It was a difficult time for the family and Joseph did not make it any easier with his carrying on about God and disgrace, but he did not suggest Billy Martin needed some sort of discipline nor did he publically blame Billy’s parents; he blamed Maria and Felicia for the disgrace.

            The organization we call HRS in today’s society did not exist in 1934; some states had state adoption agencies and there was an organization called the ‘Catholic Charities’, but these organizations only  offered assistance when they could; they were not of any particular credit to the needs of the unwed mother.  Catholic Charities came closest to overlooking the stigma, but even they, at the local level, had difficulty handling the child of an unwed mother especially in the smaller communities where everyone knew all the gossip.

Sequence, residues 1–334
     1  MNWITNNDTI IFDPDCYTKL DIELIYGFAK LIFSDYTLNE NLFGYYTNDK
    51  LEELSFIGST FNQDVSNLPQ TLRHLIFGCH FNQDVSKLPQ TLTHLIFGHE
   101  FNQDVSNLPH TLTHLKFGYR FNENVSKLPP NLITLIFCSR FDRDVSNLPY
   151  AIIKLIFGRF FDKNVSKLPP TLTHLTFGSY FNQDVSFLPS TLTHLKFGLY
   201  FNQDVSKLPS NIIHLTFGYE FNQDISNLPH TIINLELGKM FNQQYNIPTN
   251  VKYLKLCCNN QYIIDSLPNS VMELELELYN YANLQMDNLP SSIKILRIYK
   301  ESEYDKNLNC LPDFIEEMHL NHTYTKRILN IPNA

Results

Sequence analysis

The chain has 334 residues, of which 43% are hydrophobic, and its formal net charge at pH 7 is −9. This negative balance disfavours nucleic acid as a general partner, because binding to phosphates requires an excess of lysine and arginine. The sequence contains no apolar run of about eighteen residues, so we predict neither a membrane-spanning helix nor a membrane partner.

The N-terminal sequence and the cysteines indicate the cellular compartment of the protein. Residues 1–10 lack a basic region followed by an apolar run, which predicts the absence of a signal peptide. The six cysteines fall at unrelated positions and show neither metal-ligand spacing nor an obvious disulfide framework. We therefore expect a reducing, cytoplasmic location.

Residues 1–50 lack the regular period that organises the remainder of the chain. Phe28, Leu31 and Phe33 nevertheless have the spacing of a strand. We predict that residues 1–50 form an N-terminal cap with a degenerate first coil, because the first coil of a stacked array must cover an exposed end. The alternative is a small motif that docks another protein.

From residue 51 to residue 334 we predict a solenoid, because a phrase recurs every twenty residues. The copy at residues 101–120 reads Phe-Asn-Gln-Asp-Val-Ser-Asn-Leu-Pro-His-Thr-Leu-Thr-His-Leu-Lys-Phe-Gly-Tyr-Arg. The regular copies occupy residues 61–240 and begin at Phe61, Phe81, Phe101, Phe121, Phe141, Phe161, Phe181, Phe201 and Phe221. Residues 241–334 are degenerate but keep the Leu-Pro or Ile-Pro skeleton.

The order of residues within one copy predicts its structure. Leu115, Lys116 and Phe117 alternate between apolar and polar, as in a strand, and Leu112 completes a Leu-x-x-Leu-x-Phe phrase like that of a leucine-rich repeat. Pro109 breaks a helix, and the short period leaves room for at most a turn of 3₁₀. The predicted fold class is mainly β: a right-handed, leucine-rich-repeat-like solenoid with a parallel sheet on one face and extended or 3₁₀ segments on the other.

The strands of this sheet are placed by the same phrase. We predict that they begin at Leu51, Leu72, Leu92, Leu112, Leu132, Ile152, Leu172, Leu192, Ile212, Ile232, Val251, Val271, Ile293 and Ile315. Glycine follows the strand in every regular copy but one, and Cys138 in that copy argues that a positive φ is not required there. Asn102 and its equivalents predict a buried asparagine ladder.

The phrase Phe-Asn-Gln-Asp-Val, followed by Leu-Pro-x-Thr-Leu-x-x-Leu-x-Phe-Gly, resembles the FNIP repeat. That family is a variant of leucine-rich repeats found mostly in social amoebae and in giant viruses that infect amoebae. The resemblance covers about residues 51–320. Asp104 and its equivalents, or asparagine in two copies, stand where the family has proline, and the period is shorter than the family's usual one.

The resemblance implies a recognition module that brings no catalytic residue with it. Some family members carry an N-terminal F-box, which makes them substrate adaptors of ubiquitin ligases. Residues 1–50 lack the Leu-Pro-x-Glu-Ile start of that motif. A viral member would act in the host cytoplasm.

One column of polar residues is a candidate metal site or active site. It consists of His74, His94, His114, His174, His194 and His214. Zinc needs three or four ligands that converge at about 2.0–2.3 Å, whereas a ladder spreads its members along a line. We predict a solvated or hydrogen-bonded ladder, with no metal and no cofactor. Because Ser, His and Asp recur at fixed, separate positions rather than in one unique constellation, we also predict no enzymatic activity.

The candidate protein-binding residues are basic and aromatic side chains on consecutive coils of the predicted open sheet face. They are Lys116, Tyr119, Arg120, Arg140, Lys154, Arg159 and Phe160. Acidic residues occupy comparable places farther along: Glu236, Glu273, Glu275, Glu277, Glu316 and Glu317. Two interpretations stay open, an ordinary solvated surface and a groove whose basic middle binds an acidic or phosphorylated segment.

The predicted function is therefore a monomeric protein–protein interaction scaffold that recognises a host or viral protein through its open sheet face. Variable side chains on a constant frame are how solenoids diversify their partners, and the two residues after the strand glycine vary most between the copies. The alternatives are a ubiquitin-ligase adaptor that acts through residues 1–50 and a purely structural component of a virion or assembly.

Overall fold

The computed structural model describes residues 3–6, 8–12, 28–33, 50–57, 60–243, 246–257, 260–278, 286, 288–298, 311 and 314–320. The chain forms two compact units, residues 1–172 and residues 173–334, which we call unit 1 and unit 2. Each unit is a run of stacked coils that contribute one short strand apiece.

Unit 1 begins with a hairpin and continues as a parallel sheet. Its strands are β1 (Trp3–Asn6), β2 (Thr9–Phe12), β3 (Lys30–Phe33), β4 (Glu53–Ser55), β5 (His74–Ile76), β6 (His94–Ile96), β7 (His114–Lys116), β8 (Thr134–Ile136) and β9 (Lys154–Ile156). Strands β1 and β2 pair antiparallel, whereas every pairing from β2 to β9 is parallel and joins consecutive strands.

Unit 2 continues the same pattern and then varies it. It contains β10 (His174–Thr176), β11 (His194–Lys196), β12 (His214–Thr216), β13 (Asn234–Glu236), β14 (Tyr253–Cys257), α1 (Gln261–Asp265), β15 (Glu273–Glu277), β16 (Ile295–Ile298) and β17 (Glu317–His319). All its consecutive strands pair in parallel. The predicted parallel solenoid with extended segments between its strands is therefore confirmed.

Upon the insistence of Maria’s mother and father, the state removed Janet from the care of Maria as soon as Janet entered the world.  They placed her in a state facility called a shelter. The rights of the mother ended when the child became a ward of the state; the state felt it better for the baby and better for the mother to have no future contact. Maria never saw her child again.